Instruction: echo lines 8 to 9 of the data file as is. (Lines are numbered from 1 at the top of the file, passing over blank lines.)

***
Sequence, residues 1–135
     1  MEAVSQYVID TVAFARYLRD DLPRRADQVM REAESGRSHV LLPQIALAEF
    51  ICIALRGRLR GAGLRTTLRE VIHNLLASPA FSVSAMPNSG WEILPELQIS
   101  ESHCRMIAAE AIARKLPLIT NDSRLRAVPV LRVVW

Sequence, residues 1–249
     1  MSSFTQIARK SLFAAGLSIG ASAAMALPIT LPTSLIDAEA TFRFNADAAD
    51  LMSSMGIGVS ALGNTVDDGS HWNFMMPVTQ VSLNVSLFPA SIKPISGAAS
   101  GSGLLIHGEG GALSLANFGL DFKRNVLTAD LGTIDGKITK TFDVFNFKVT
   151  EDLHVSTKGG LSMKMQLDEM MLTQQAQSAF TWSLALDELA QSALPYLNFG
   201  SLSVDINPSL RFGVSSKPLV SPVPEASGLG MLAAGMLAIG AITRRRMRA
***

   101  GSGLLIHGEG GALSLANFGL DFKRNVLTAD LGTIDGKITK TFDVFNFKVT
   151  EDLHVSTKGG LSMKMQLDEM MLTQQAQSAF TWSLALDELA QSALPYLNFG